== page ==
Cuperino (CA) – In a surprising move that essentially acknowledges that Creative Labs did indeed come up with the idea of subdividing lists of songs by genre for MP3 players first, Apple and Creative jointly announced this morning that Apple has purchased a perpetual right to license the menuing scheme covered by a patent awarded to Creative last year, for a flat $100 million fee.
While today’s announcement was not explicit, the agreement should apparently end Creative’s efforts, begun last May, to petition the US Federal Trade Commission for a cease-and-desist order that would have banned Apple from selling its iPods in the US. In turn, as Apple CEO Steve Jobs states quite clearly this morning, “This settlement resolves all of our differences with Creative, including the five lawsuits currently pending between the companies, and removes the uncertainty and distraction of prolonged litigation.”
Creative gets something else out of the deal, which is interesting in itself: The company will be granted a license by Apple to manufacture iPod accessory products, including speakers, headphones, and the types of gear the company currently produces for its own Zen player. These products will carry the “Made for iPod” logo, complete with a little Apple symbol. Creative might have needed this particular license, especially now that its partner-on-paper, Microsoft, has announced its own Zune MP3 player that will compete with both iPod and Zen.
The fact that Microsoft’s choice of brand name sounds so much like Creative’s is a fact probably not lost on either company; so Creative may have realized that, if it wants to maintain what some claim is its #2 spot in the MP3 market (although other analysts award that position to SanDisk Sansa), it may need to choose its battles carefully. One which comes to mind is how the company will stand up against a powerful sound-alike – and possibly a look-alike – competing brand.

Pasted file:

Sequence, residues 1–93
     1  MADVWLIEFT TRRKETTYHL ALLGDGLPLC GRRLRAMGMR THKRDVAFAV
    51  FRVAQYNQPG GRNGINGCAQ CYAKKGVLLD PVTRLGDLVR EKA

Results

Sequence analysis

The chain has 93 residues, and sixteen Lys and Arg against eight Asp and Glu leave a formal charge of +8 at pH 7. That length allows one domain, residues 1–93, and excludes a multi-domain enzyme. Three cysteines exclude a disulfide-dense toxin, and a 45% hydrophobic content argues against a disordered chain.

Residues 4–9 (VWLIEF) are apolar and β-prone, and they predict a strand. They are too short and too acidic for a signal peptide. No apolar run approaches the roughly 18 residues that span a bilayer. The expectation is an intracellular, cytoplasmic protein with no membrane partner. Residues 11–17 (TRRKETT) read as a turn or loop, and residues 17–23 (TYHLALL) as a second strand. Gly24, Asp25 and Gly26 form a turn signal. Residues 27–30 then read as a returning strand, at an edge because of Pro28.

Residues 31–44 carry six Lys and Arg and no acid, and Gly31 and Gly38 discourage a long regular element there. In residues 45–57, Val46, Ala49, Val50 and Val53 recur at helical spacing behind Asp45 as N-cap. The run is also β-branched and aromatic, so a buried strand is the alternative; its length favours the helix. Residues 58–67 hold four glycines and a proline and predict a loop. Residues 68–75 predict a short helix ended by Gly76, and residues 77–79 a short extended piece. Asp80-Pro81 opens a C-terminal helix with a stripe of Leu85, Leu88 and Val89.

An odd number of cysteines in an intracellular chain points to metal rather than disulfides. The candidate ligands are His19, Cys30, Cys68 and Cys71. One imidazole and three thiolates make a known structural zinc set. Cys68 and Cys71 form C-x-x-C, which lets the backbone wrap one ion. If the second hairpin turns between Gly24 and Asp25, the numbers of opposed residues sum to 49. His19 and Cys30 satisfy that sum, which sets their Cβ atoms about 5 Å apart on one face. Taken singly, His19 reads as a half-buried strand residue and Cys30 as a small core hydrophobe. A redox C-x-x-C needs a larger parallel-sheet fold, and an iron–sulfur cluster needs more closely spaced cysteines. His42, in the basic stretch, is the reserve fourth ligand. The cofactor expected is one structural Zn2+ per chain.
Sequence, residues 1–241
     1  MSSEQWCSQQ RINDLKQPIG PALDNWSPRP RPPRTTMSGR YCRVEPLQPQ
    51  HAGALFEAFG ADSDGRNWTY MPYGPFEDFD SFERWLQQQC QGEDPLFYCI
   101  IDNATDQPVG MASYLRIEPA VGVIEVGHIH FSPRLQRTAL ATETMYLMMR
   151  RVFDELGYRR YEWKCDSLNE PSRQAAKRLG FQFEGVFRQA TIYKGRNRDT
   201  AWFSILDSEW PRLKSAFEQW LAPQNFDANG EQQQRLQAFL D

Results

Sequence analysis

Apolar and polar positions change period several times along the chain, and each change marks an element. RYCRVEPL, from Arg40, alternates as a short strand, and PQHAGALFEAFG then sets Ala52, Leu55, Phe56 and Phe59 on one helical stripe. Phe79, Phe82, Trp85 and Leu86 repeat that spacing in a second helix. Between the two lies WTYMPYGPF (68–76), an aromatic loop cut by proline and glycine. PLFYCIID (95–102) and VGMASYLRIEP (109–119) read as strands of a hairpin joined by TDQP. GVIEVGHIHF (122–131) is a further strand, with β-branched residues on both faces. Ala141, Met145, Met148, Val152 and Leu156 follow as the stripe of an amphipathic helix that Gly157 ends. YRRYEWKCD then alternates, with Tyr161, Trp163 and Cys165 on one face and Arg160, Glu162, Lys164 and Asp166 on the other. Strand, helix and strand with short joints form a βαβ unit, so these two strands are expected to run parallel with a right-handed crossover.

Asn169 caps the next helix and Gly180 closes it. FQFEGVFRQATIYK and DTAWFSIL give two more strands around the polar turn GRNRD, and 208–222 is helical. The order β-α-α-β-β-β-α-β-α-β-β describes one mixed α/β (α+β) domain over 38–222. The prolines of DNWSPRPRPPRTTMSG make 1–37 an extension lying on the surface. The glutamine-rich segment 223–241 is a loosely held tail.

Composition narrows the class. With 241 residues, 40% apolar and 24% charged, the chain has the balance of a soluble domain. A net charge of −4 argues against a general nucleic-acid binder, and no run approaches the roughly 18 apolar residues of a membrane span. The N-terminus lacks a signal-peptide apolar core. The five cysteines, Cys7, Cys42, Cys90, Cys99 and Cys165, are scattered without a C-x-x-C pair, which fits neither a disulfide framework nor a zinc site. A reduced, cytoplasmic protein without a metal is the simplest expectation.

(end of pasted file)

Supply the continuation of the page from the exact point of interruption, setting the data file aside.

The new, undisputed originator of the capability to list a song category within a song category within a song category: Creative’s Zen Vision:M series. (Courtesy Creative Labs)
What Creative refers to as “the Zen patent” – which the company has actually enshrined within its own Web site – was applied for in early 2001, at a time when Apple’s interests in building a portable media storage device was the subject of speculation, though the first-generation iPod had not yet been released. In the patent’s own summary, it describes one application of “the invention” of a storage hierarchy this way: “Within the Albums category are names of different albums of songs stored in the device. Within each album are the album tracks, or songs, associated with that album. Similarly, the Artists category includes names of artists which are, in turn, associated with their albums and songs. The Genre category includes types of categories of music such as ‘Rock’, ‘Hip Hop’, ‘Rap’, ‘Easy Listening’, etc. Within these sub-categories are found associated songs. Finally, the ‘Play Lists’ category includes collections of albums and/or songs which are typically defined by the user.”
“Creative is very fortunate to have been granted this early patent,” Steve Jobs said this morning, with his characteristic insight.
Apple’s countersuits against Creative, which alleged that company infringed against a large number of Apple’s patents regarding iPod methodologies, are apparently also being dropped, sparing the two companies – and their customers – a long, protracted battle which would have been the subject for many articles to come.